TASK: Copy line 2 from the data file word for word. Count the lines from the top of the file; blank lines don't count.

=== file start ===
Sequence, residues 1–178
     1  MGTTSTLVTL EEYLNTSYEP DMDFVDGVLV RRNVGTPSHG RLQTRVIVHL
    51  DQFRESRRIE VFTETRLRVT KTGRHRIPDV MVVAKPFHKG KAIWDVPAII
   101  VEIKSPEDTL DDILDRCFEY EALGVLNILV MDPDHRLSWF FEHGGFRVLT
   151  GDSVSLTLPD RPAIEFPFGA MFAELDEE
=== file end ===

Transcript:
     1  MGTTSTLVTL EEYLNTSYEP DMDFVDGVLV RRNVGTPSHG RLQTRVIVHL